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REVIEW: Ted Lasso, Season 1

Ted Lasso Review

It’s hard to express the pure joy that the first season of Ted Lasso gave me. I found myself laughing out loud, cheering, I found my eyes watering at a football match. A FOOTBALL MATCH! This is no small feat.

From Bill Lawrence (Scrubs, Cougar Town) comes the story of Ted Lasso (Jason Sudekis, co-creator) an American football coach who ends up the new football (soccer) coach for Richmond United. Despite knowing nothing about the game.

Ted Lasso Review

It’s a fish out of water tale, with pantomime style characters and backstabbing sub-plots that somehow manages to elevate itself above all of this, and becomes a story about what it is to be a good person, to be part of a team, to find yourself a home and to truly believe. Sudekis is so chrematistic and endearing that you can’t help but brim with joy as he fills the scream, warming every sense in you and winning you over almost immediately as he tries to win over the team and town.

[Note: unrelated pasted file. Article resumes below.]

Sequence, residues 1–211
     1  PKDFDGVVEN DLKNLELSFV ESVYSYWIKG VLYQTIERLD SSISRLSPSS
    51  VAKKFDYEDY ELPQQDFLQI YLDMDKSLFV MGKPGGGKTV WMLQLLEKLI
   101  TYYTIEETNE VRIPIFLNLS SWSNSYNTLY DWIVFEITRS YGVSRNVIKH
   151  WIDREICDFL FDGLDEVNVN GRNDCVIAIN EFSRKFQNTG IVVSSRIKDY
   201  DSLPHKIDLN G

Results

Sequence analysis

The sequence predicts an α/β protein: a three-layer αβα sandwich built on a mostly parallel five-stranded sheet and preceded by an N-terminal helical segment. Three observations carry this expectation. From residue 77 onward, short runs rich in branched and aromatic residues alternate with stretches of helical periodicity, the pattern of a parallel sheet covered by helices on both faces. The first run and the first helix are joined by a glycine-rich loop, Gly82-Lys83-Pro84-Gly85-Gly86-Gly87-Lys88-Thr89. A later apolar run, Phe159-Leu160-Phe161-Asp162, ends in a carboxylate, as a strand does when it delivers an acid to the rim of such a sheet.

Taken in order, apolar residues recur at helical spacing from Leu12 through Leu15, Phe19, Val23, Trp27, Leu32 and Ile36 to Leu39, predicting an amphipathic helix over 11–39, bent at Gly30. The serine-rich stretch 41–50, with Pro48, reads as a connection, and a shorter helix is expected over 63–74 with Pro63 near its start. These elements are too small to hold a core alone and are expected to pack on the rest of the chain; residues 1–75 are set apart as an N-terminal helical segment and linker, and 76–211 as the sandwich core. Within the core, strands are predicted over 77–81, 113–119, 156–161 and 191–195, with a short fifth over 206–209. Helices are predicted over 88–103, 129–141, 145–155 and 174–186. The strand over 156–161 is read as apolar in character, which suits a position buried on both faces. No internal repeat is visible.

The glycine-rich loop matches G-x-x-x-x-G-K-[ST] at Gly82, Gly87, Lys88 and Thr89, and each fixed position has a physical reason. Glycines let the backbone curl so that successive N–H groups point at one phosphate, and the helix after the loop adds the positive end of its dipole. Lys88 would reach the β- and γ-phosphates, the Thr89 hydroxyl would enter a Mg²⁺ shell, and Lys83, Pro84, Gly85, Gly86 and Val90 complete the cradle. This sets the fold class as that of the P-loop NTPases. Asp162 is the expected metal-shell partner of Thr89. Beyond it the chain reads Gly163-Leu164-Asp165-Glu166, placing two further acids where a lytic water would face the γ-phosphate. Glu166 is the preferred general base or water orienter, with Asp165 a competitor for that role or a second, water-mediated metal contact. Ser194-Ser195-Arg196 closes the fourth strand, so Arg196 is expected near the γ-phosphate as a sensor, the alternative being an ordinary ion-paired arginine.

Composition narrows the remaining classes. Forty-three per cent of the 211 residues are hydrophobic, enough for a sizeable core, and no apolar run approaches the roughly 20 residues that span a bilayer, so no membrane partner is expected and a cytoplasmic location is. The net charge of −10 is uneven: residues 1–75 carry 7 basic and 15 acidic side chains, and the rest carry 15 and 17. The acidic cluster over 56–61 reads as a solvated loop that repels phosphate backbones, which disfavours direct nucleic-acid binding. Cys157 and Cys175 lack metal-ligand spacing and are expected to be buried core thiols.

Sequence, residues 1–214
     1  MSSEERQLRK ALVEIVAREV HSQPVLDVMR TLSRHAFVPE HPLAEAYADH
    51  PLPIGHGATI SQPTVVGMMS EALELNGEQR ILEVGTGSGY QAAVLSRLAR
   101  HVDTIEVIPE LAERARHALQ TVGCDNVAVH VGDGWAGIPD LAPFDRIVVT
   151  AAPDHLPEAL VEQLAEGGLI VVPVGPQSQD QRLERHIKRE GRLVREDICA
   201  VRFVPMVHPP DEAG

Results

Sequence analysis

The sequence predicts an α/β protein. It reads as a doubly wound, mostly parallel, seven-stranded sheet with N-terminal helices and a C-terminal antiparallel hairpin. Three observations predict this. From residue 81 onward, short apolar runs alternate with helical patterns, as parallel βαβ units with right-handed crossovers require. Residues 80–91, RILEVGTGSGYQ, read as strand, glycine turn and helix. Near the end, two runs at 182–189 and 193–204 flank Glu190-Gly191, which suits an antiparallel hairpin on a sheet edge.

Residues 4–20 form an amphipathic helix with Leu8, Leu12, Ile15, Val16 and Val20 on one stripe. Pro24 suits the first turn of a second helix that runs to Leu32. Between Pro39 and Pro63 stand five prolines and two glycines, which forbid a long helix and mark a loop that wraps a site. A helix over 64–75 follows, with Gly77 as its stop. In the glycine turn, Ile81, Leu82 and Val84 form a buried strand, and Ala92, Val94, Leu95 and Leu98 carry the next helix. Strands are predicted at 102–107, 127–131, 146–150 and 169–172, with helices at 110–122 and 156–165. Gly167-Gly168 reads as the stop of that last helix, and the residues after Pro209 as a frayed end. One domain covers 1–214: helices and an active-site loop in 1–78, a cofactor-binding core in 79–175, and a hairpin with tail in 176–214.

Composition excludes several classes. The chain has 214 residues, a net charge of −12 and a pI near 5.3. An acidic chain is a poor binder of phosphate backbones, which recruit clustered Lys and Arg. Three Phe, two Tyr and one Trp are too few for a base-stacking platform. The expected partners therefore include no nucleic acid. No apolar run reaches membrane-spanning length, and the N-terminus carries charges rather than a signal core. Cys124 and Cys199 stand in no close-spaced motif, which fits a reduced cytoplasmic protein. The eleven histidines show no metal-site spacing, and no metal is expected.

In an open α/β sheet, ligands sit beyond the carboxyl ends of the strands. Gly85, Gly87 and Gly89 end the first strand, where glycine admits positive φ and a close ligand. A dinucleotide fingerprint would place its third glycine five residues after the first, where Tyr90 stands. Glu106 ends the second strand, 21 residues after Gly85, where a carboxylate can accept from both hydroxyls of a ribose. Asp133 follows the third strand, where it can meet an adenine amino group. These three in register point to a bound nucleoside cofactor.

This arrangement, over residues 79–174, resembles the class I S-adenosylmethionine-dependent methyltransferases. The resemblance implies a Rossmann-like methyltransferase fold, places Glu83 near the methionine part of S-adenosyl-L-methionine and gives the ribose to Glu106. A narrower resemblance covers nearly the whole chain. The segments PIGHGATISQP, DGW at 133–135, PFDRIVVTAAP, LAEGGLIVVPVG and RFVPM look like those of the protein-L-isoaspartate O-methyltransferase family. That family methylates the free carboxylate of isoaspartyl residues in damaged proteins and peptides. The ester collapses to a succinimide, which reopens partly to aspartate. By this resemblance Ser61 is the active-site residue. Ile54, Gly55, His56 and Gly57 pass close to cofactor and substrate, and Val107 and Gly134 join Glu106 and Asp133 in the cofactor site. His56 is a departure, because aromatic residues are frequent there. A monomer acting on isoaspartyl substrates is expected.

The best thing about this show, however, is that it’s not just Lasso’s rodeo. We are treated to a selection box of wonderful characters, and it’s hard to pick any out without feeling guilty about not mentioning the others. Brendan Hunt who also helped to create the show plays stoic Coach Beard, rock hard but with a melt in the middle heart. Brett Goldstein, one of the show’s writers, also portrays Roy Kent, ageing team Captain who will drop more aggressive swear words than anyone on TV this autumn, yet feels like the most caring man in the world. Juno Temple arrives on the scene as bubbly bimbo WAG Keeley, attached at the hip to star player Jamie Tartt, played by Phil Dunster (yes that Phil, from the Cineworld commercials) yet the pair who could easily be the most stereotyped during the 10 episode run become some of the most nuanced and balanced characters in the show.

Ted Lasso Review

All 10 episodes are currently streaming on AppleTV+ and a second season is in the works. It won’t make you ponder great philosophy, or contemplate joining a drug cartel, but I can guarantee it will put a smile on your face, and make these Autumn nights feel that little bit brighter.

Clare Brunton

Ex film teacher and frequent couch potato. I try and see at least one new release a week, but I've somehow got to 30 without having seen The Godfather?